+ Reply to Thread
Results 1 to 8 of 8
  1. #1
    allegiance98 is offline Junior Member
    Join Date
    Apr 2011
    Posts
    3

    Question about Corporate housing benefits

    My company is based in PA but is opening an office in CA and looking to re-locate me to CA. My question is this:
    If my company paid for my housing in CA for 6 months to make the transition easier and then after the 6 months I continued to live in the house but paid for the rent myself, would the initial 6 months of rent that the company paid out be added onto my taxable income, or would the company be able to claim it as a business expense?
    Would it be better for me tax wise to have the company sign the lease and pay rent directly and then have the rent deducted from my check after the 6 months? Or for me to sign the lease and expense the rent for the first 6 months?

    Any help would be appreciated as I am entering negotiations.

    Thanks
  2. #2
    pattytx is offline Senior Member
    Join Date
    Oct 2004
    Location
    small town, PA
    Posts
    9,442
    Are you going to relocate there permanently?
    ---------------------------------------------------------------------------------------------------------------------------------------------------------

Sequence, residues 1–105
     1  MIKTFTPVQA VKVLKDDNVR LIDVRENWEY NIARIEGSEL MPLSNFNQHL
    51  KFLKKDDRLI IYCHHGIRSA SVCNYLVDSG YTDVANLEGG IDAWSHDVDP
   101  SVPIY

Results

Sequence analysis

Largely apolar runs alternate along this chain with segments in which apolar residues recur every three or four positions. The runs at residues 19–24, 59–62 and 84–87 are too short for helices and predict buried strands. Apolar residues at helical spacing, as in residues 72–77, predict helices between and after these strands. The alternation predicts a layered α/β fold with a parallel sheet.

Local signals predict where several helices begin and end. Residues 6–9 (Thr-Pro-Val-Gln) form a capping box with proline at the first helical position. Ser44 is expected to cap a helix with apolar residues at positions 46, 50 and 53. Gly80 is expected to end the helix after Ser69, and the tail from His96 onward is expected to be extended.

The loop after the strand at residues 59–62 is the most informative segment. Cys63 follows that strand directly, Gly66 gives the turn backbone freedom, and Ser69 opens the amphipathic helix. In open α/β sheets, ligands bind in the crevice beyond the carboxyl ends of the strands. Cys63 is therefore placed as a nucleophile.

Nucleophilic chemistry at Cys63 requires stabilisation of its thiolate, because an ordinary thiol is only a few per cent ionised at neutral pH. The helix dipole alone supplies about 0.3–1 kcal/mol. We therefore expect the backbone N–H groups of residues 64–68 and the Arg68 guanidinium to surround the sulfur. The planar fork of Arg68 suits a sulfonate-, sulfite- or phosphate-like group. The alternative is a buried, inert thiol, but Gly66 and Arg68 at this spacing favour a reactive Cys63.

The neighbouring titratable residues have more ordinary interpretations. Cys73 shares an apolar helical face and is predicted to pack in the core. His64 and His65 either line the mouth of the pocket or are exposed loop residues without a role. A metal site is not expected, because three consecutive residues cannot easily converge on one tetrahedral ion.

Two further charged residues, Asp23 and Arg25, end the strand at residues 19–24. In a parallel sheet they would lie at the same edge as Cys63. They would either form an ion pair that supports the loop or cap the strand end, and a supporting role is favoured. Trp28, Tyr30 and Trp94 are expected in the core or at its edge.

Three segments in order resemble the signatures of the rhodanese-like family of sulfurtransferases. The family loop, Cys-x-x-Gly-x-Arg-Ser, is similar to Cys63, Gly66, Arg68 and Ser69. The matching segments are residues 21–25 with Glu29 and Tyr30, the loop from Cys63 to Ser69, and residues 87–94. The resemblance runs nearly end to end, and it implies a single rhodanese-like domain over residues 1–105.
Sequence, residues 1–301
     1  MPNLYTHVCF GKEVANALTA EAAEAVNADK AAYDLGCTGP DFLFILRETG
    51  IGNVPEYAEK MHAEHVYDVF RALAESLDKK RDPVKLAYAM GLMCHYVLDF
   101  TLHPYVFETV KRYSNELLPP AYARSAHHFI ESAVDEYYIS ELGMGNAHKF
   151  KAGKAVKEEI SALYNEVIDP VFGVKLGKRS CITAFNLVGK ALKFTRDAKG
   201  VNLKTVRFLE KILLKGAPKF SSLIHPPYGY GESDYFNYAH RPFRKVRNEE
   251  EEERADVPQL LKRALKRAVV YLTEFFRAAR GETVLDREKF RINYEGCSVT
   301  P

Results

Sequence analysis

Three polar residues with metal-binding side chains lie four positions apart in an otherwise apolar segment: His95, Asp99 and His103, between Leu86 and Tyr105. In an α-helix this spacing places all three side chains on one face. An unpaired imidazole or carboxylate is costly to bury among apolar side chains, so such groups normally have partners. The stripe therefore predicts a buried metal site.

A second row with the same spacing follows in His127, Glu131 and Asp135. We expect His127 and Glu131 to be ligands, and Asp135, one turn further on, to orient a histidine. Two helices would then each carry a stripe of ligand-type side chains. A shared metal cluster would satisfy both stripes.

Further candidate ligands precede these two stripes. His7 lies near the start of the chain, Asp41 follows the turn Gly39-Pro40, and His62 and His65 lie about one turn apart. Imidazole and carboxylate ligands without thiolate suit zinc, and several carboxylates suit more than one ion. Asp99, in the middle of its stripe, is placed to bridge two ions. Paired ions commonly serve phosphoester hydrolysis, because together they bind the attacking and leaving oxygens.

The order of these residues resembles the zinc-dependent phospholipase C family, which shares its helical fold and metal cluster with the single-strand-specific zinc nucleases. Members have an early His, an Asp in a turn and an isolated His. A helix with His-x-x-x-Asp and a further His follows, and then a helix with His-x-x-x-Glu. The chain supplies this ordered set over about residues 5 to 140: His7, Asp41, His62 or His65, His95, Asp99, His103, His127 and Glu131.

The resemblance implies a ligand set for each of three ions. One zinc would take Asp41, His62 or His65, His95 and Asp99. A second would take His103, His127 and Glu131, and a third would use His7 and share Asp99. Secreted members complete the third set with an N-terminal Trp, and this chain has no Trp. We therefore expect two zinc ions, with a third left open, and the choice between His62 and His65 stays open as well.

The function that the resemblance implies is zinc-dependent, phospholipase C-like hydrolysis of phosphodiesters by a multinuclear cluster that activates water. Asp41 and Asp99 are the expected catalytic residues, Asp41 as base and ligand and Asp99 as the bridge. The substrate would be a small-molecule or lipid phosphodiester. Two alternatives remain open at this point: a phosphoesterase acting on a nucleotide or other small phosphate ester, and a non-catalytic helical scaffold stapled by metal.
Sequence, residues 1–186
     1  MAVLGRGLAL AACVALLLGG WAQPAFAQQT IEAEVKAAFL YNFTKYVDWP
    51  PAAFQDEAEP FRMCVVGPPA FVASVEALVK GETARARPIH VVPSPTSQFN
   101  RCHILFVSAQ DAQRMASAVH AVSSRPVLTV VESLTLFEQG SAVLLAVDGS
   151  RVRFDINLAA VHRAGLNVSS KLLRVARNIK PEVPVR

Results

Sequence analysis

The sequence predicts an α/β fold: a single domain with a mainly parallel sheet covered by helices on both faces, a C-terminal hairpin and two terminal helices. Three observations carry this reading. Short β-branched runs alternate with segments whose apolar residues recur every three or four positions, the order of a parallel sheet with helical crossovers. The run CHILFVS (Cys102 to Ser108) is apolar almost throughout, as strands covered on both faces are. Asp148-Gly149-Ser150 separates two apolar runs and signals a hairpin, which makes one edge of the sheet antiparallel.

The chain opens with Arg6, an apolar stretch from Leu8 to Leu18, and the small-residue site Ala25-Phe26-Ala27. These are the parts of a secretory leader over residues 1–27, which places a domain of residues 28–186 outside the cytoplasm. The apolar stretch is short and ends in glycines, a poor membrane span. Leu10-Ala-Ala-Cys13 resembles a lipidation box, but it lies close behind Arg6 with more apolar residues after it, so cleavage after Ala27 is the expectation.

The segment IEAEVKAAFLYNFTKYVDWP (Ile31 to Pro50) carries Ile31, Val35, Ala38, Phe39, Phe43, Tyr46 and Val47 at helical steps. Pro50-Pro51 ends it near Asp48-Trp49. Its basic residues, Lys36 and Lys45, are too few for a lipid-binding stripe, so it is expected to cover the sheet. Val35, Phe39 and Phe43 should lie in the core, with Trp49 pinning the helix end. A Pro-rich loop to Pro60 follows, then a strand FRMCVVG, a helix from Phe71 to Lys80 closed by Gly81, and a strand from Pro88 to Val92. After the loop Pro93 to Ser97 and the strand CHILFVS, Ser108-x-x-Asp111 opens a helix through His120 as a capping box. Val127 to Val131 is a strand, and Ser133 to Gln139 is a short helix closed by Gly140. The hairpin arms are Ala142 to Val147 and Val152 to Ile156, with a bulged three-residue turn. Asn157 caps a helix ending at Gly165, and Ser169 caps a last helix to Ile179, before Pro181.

You have not won the law suit lottery; in fact, you haven't even won the law suit scratch-off.
  3. #3
    LdiJ is online now Senior Member
    Join Date
    May 2004
    Posts
    65,699
    Quote Originally Posted by allegiance98 View Post
    My company is based in PA but is opening an office in CA and looking to re-locate me to CA. My question is this:
    If my company paid for my housing in CA for 6 months to make the transition easier and then after the 6 months I continued to live in the house but paid for the rent myself, would the initial 6 months of rent that the company paid out be added onto my taxable income, or would the company be able to claim it as a business expense?
    Would it be better for me tax wise to have the company sign the lease and pay rent directly and then have the rent deducted from my check after the 6 months? Or for me to sign the lease and expense the rent for the first 6 months?

    Any help would be appreciated as I am entering negotiations.

    Thanks
    If this move is intended to be a permanent one, then the value of the rent is going to be taxable income to you. In that instance it would be cleaner if the company simply paid you extra money to cover the rent, and there would be no "expensing" of that rent...so it would be better if you signed the lease, and it should only be a six month lease.